Presenter: Dr. David Margolis Sarah Graham Kenan Distinguished Professor of Medicine, Microbiology & Immunology, Epidemiology Director, UNC HIV Cure Center
Although current therapy for HIV infection can be safe, simple, and durable, the burden of decades of continuous therapy remains, with the stigma and uncertainty of chronic HIV infection. Although current antiretroviral therapy (ART) can nearly eliminate viremia in patients with HIV infection, a small population of long-lived CD4+ T cells remains persistently infected and unrecognized by the immune system, with minimal expression of HIV genes or proteins. The persistence of quiescent HIV infection is a major obstacle to eradication and cure of HIV infection. New therapeutic approaches to this quiescent or latent state of HIV infection are needed. This presentation discusses research towards an HIV cure.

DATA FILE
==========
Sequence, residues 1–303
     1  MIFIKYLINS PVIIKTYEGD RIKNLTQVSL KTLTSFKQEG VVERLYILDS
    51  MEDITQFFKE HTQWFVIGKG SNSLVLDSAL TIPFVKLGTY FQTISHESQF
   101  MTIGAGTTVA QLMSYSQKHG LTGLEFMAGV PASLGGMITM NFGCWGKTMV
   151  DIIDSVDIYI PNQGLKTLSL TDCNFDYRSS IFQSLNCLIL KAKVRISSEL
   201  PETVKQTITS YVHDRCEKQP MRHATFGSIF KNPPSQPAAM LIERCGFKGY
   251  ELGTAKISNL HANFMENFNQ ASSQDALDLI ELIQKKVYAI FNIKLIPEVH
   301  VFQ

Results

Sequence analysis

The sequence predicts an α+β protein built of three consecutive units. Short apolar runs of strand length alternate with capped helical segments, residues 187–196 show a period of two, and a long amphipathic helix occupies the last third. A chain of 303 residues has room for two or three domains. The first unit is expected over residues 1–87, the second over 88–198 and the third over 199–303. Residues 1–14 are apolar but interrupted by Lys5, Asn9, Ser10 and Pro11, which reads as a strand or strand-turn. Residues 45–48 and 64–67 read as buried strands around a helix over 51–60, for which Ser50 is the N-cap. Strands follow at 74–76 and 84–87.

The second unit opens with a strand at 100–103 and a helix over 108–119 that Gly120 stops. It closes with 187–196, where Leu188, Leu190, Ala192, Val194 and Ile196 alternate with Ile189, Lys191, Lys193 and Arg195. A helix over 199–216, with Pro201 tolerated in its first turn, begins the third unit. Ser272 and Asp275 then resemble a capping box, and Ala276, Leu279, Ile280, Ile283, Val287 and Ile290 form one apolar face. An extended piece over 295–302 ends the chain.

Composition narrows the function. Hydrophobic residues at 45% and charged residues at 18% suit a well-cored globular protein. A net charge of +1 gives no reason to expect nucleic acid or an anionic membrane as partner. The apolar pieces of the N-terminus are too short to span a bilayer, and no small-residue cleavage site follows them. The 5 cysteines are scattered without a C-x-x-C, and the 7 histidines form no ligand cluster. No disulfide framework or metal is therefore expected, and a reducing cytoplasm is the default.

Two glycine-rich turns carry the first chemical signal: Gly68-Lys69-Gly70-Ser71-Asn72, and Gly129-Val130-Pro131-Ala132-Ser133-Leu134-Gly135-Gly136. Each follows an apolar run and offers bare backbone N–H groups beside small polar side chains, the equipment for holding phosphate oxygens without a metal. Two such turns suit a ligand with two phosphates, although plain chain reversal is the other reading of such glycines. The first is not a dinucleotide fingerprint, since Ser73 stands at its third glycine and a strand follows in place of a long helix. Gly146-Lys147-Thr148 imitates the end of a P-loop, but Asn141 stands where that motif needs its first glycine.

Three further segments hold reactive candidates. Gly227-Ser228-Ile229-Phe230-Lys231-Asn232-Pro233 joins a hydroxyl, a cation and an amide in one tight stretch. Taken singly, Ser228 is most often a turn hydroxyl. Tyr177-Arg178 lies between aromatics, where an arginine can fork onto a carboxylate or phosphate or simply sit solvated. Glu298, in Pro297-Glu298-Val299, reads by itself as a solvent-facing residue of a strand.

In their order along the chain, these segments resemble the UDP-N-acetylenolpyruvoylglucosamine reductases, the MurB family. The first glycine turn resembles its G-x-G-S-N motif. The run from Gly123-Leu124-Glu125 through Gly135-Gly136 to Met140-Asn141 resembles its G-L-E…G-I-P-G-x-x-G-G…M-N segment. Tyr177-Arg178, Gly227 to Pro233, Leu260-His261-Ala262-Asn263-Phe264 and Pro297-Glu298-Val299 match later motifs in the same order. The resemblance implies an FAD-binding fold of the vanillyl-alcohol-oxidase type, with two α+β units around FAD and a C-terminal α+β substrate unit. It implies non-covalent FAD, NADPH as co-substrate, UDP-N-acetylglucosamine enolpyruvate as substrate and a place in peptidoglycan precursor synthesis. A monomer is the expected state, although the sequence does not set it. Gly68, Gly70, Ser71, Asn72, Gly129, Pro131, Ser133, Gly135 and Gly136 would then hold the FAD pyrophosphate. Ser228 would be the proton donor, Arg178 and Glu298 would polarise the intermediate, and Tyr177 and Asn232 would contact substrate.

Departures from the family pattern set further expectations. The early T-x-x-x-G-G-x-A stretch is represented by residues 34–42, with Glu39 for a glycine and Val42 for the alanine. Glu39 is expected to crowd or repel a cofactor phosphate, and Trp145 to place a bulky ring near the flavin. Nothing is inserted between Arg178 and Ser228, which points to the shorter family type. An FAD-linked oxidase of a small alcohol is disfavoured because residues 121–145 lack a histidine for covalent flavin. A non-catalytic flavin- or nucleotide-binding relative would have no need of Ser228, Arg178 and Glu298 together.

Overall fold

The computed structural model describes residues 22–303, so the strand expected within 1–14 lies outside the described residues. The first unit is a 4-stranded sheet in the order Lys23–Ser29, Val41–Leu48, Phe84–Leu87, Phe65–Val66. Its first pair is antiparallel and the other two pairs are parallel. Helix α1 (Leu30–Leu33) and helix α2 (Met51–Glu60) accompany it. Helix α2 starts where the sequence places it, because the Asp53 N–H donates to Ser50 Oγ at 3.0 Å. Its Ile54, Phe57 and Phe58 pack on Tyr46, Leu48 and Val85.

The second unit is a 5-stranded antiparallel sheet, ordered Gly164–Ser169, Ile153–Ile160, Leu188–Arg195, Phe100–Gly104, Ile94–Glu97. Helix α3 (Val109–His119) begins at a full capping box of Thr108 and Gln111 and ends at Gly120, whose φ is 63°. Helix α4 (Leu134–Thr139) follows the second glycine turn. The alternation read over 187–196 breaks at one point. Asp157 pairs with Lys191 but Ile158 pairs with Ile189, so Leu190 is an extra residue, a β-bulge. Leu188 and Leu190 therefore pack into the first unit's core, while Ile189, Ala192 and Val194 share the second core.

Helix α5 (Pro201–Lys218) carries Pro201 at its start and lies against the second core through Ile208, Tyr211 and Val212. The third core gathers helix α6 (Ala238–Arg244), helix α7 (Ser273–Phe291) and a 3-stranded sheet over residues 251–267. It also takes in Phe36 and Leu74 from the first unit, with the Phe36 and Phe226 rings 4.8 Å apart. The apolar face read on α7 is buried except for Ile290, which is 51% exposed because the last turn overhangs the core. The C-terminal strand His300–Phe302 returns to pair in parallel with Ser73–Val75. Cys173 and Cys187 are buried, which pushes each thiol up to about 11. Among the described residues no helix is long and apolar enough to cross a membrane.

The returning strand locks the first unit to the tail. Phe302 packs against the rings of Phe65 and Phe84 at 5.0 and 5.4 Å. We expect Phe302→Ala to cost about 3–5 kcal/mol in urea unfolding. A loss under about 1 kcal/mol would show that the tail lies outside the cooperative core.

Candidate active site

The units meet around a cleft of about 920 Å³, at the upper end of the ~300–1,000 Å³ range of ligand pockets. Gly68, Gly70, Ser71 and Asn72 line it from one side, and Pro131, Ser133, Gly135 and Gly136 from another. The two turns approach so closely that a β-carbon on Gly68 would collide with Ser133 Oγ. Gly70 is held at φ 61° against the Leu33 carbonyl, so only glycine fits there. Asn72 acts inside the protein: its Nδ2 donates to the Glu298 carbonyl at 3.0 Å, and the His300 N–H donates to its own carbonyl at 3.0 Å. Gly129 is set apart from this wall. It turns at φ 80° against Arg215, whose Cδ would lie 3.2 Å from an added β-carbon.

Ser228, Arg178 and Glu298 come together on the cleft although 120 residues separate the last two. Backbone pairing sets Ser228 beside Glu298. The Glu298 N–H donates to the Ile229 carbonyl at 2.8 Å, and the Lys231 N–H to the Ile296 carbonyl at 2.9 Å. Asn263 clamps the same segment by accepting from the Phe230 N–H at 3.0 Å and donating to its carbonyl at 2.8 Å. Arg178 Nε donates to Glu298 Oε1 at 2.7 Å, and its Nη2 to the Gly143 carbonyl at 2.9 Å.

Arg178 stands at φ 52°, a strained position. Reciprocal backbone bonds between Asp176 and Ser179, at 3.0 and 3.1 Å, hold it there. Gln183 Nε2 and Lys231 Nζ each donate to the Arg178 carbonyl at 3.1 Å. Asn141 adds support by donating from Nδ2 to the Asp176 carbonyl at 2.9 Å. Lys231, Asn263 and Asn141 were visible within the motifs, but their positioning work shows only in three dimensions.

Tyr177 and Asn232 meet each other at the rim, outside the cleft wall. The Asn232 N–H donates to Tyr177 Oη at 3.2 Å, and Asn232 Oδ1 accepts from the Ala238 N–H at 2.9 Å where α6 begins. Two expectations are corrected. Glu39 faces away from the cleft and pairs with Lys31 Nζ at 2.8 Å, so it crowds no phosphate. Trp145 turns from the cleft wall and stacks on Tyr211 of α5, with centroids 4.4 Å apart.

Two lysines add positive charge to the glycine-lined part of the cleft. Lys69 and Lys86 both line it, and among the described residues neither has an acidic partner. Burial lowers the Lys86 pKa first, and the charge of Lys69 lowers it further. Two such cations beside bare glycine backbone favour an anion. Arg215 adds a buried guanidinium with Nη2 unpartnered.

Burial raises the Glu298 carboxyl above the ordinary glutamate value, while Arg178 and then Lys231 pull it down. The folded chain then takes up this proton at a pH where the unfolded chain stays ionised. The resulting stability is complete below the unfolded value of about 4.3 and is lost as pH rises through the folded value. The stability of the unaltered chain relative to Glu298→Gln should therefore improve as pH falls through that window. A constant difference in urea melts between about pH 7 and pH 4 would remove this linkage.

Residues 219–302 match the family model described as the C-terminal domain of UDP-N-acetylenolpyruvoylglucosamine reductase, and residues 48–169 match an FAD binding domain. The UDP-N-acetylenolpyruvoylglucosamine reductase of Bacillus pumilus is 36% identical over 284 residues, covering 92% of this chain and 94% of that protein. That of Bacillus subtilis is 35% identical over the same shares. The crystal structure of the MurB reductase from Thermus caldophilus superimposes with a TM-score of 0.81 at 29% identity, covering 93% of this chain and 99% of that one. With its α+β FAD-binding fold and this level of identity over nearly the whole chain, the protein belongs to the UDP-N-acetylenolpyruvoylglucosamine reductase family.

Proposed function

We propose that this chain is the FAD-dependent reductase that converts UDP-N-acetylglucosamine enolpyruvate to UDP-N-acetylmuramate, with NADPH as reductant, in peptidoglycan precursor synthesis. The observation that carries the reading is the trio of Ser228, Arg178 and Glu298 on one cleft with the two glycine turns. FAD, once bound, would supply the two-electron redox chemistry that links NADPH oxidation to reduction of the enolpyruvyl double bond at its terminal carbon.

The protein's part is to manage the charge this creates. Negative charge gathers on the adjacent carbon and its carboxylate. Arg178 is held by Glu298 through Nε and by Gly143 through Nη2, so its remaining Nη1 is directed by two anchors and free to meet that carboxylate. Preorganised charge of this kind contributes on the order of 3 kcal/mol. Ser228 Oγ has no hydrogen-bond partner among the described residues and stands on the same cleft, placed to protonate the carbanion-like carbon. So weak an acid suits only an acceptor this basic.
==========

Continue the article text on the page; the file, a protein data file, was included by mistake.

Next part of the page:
No Accreditation for Recorded or Archived events.
Largely clinical staff including attending physicians, nurses, fellows, and mental health providers.
A variety of the listed populations will be discussed at this event.
Children (ages 0 to 12)
Adolescents (ages 13 to 17)
Young Adults (ages 18 to 24)
Older Adults (ages 50 and over)
American Indian or Alaska Native
Black or African American
Hispanic or LatinX
Native Hawaiian or Pacific Islander
Gay, lesbian, bisexual
Transgender, Non-Binary, Other Gender
People Experiencing Homlessness
People with Incarceration Experience
Immigrants or Refugees
U.S. Mexico border population
People Who Inject Drugs (PWID)
Other special population
A variety of the listed topics will be discussed at this event.
Antiretroviral treatment adherence, including viral load suppression